Jay Johnson‘s promotion to Triple-A Lehigh Valley last week was something that at least three other big league organizations thought could never happen. Now, as he ascends to the top in the Phillies’ developmental ranks, the left-handed reliever is just a step from the big leagues and has proved many people wrong.
Drafted twice, Johnson was turned away by the Orioles and Blue Jays, after being selected by those teams in 2009 and 2010 respectively, due to concerns raised with his elbow during physical examinations. In both instances, the team and player had come to terms on a financial agreement, but the offers were rescinded following the discovery of bone spurs and loose chips in his joint.
The following year the New Brunswick, Canada native worked out for the Mariners at their spring training home in Arizona. It had reached the point where Johnson was no longer concerned with a monetary agreement, but he instead was willing to sign for much less. He simply wanted the chance to wear a pro uniform.
“I went out with the Mariners to just try and play and I said, ‘I just want to play. Just let me get a jersey,'” Johnson explained in a recent interview. “They failed my physical and I wasn’t even asking for anything then.”
After that third letdown Johnson’s college coach, Brian Kubicek, who greatly wanted to see Johnson succeed as a professional, made a phone call to an old friend, Phillies senior advisor to the general manager Pat Gillick. Before long, Johnson threw in front of a Phils scout in Arizona and was so impressive that he was flown to Clearwater to pitch for a collection of organizational brass. Soon, despite any concerns over his health the Phillies took somewhat of a risk and a contract was on the table. Johnson became a pro at long last.
According to Johnson, disappointment was never a factor, as he stayed confident that he’d get his shot to stand atop a professional mound one day.
“I was still playing in between, ’cause I was still going to school in 2009 and 2010 and I always knew that I was capable of playing, so it wasn’t a matter of (feeling discouraged), it was just a matter of when somebody was gonna give me a chance to play. I was never too worried about it. Somebody was gonna let me play,” Johnson said.
As a pro, the six-foot-two 210-pounder has improved each season. In 2011, Johnson made his minor league debut with Class A Lakewood, posting a 1-5 record along with five saves with a 2.94 ERA while averaging a strike out an inning. The following year, Johnson tallied a combined 2-1 record with a 4.24 ERA in 33 outings at three levels. This season, Johnson looks sharper than ever, posting a 2-2 record with three saves, a 2.65 ERA along with an 11.09 K/9 mark.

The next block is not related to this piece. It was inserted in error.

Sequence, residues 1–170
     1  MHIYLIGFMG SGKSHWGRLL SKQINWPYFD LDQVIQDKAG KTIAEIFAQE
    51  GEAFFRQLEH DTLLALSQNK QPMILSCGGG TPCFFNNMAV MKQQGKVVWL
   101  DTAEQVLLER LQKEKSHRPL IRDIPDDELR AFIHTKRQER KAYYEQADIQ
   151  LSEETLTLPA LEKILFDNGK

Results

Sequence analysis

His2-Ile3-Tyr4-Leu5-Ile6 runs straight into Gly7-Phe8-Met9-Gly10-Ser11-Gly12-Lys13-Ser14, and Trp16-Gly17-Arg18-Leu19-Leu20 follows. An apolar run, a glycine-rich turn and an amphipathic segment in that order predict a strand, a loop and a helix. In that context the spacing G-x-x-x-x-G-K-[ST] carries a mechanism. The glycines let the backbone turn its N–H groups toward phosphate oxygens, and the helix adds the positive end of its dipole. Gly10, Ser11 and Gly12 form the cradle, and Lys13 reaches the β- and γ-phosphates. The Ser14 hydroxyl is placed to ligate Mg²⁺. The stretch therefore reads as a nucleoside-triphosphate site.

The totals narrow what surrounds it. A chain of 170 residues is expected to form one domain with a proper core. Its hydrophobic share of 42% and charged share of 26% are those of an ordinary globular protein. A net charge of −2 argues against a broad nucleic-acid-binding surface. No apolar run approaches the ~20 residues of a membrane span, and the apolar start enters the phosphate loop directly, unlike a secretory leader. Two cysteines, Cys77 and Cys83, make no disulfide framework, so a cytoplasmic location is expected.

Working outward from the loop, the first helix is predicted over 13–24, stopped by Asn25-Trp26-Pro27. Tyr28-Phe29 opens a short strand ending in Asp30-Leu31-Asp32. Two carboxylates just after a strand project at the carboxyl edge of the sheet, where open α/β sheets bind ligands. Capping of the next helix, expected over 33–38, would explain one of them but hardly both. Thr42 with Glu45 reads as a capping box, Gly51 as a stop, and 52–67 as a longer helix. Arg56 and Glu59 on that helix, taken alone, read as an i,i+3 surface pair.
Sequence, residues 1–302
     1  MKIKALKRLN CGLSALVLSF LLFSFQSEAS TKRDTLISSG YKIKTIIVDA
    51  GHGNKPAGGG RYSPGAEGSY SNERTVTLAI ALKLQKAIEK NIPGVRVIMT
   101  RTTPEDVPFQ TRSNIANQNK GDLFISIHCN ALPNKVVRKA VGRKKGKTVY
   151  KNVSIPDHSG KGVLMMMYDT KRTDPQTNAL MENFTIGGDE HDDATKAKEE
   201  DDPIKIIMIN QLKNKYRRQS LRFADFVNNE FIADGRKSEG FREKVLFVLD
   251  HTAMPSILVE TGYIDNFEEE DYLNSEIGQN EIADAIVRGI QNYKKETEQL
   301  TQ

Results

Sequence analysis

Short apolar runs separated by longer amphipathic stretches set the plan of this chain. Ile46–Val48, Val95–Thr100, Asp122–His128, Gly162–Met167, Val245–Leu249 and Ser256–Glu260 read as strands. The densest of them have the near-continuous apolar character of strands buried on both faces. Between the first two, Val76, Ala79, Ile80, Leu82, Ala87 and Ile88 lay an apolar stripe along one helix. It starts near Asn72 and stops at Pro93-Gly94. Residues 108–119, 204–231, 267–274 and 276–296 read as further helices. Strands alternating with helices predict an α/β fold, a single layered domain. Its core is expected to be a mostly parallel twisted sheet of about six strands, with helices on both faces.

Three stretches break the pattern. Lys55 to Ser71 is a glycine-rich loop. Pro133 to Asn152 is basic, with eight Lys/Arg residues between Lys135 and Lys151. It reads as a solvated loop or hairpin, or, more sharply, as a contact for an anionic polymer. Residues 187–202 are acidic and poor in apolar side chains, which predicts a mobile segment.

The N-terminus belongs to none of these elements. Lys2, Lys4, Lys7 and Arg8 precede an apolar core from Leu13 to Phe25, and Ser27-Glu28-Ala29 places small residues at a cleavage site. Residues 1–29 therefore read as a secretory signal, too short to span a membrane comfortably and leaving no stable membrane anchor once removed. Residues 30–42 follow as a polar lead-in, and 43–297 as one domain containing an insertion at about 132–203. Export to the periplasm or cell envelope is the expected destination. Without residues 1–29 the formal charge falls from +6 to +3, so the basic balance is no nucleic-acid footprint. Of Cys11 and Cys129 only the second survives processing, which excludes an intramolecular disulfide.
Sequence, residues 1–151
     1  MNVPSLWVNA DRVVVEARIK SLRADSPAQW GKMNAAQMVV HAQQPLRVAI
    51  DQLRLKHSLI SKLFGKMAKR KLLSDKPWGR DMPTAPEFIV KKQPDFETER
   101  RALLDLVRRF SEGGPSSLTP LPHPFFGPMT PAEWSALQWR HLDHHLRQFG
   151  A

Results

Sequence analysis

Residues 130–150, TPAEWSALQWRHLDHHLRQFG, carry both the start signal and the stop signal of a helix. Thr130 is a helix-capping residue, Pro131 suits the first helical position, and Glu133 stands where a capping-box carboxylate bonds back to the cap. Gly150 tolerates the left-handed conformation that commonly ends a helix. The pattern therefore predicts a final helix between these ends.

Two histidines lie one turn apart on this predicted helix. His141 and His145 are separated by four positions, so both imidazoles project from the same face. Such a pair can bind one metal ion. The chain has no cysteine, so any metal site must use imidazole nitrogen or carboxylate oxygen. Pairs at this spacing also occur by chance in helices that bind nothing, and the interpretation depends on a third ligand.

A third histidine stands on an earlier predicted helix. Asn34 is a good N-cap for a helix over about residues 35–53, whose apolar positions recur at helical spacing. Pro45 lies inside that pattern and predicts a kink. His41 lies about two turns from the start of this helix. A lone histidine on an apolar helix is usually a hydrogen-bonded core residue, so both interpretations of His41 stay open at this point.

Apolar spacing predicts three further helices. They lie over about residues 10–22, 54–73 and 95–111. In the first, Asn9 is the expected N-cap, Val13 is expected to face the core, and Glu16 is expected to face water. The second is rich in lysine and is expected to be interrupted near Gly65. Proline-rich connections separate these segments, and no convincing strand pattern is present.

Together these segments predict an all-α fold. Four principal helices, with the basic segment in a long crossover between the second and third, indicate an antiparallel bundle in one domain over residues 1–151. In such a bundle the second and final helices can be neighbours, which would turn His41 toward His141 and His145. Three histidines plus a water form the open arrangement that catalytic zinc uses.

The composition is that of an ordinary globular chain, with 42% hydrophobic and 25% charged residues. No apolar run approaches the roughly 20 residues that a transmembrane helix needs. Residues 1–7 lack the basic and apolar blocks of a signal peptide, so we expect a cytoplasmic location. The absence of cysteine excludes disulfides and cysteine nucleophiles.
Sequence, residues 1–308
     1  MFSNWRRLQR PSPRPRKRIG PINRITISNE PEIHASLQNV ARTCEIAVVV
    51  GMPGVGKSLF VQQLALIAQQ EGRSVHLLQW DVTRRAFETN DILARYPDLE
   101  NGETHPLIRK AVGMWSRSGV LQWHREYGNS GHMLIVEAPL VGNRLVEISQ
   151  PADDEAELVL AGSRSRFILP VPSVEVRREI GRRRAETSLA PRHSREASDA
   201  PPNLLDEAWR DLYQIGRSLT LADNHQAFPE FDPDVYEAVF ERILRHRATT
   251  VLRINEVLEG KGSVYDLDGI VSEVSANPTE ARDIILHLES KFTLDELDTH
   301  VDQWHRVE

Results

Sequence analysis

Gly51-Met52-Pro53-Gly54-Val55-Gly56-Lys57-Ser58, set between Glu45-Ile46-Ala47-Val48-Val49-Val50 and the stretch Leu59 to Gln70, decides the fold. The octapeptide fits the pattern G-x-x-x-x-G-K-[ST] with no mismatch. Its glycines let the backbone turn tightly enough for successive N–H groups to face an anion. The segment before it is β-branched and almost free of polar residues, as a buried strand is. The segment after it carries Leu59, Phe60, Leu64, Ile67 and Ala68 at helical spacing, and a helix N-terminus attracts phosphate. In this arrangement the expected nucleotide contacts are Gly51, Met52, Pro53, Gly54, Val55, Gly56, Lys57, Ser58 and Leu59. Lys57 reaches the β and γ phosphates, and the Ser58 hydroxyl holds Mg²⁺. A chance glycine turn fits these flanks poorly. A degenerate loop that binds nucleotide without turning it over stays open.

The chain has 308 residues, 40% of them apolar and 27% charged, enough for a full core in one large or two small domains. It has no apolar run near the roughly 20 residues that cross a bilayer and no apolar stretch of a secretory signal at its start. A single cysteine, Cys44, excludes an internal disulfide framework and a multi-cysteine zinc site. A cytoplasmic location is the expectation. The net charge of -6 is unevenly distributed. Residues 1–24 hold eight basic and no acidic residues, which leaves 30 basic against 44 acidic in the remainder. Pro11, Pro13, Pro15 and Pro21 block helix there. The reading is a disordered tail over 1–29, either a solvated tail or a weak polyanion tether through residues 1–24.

While the amount of free passes that he issues (six walks per nine innings for his career) is a bit of a concern, Johnson, who was on Team Canada’s World Baseball Classic roster this year, could be lefty specialist in the making, as he has held left-handed batters to a .203 batting average against for his career.
With Reading this year, the 23-year-old tallied a 1.76 ERA after a tough April to earn his promotion. Johnson credits Fightin Phillies manager Dusty Wathan with helping him achieve success this year by using him in the most ideal spots. He also feels that building a good rapport with his backstops is a big contributor to how he’s excelled in the minors.
“Last year, I got to live with Steven Lerud, he was my roommate. And this year’s it’s been John Suomi (who) I go to talk to. I just try to find a catcher, especially a veteran one, and I just try to pick his brain as much as I possibly can,” Johnson said.
The youngster made his Triple-A debut on Friday in a very Jay Johnson-like effort, throwing a scoreless frame while striking out two and walking one.
Just one level away from the big show, Johnson plans to use his snowballed confidence to continue to mow down opponents and defy the odds.
“I say this all the time: hitters get hot, it’s the same, pitchers get hot too and you just gotta stay even keeled and just go about your business and try to be the same.”